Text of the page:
And if that moment doesn’t arise, I want to wish you well and thank you for preparing him for the next friend who will one day leave footprints on our sidewalk and in his heart. Ryan will eventually let that friend in, because I believe you showed him how to open the door.

Follow this journey on The AWEnesty of Autism.

The Mighty is asking the following: Write a letter to anyone you wish had a better understanding of your experience with disability and/or disease. If you’d like to participate, please send a blog post to [email protected] Please include a photo for the piece, a photo of yourself and 1-2 sentence bio. Check out our Share Your Story page for more about our submission guidelines.

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Viral Photo of Refugee Family Shows How War Has Affected a Boy With Autism

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A recent Humans of New York post has been receiving a lot of attention online.

It features a photo of a refugee family from Turkey with a quote from the mother explaining how the war made it so that she could no longer get autism therapy for her son.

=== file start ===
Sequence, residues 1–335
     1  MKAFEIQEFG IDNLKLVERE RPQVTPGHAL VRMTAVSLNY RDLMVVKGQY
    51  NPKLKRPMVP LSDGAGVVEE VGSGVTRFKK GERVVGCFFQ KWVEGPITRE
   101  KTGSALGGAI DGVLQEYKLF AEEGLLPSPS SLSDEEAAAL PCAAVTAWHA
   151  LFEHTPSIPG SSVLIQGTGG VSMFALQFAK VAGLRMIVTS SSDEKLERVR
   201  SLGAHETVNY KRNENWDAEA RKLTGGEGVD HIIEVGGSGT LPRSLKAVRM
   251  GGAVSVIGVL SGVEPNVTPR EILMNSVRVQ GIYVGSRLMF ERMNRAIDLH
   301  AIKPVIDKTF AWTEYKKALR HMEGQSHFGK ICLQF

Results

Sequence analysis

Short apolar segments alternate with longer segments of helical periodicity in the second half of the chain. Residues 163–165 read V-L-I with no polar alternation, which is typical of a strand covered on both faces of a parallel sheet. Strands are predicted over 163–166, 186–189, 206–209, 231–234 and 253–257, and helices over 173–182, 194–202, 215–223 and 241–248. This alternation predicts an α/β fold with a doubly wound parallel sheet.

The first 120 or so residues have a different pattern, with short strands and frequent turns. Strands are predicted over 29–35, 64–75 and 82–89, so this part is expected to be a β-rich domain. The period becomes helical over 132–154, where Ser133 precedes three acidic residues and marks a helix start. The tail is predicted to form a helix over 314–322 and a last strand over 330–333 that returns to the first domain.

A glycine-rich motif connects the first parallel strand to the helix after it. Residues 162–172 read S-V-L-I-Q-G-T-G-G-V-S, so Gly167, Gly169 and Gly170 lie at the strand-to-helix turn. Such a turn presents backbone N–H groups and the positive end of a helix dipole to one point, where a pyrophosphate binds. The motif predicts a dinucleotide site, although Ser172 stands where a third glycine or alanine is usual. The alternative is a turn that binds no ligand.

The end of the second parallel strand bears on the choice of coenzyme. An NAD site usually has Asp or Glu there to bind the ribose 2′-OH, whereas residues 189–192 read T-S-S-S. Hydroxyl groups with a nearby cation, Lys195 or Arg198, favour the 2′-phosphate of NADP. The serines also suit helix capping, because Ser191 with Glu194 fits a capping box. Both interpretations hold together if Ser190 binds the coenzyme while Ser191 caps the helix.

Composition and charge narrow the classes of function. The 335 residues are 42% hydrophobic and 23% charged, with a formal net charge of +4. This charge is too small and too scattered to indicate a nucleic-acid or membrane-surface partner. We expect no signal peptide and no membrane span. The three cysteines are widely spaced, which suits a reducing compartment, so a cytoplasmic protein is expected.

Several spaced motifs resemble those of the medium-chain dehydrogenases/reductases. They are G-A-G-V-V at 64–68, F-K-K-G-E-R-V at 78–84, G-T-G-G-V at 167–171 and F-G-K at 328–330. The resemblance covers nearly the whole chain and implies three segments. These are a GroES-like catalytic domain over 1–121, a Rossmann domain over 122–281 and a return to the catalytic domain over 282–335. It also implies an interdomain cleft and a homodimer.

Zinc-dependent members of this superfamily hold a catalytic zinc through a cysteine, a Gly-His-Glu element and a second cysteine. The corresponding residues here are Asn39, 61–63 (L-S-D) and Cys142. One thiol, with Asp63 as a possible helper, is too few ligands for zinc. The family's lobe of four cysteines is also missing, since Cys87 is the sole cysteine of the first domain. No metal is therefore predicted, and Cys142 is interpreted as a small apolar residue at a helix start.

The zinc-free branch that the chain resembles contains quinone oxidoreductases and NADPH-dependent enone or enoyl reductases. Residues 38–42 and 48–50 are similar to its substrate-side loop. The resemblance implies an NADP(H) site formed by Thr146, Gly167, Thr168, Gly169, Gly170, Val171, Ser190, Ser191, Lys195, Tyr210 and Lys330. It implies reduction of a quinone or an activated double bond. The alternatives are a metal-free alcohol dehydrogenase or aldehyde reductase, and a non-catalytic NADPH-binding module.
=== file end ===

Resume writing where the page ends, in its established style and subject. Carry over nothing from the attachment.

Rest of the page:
“He cried a lot as a baby. By the age of two he wasn’t speaking or eating. Our local doctor didn’t know what was... Posted by Humans of New York on Friday, December 4, 2015

The text reads:

He cried a lot as a baby. By the age of two he wasn’t speaking or eating. Our local doctor didn’t know what was wrong, but we found a good doctor in Damascus, and he told us that our son had autism. The doctor recommended a therapist. On the first day of therapy, he was too scared to even enter the office. But after a few months of treatment, he was able to concentrate and even write the alphabet. He went to therapy every week for the next few years. It was really helping him. He was learning so many things. But when the war came, the roads were closed. We couldn’t go to therapy anymore. The bombs affected him very badly. He gets scared easily. He’s even afraid of the dark. But the bombs scared him very much. He hasn’t been to therapy for years. We have no money or insurance here in Turkey. We are very isolated. It seems that all the progress has been undone. He used to want to learn. He used to get his books out of the bag and bring them to us. But now he just throws them away. He can’t sit still. I’m afraid that we’ve lost too much time now. But my husband is optimistic. He thinks that we will find the right doctor in America.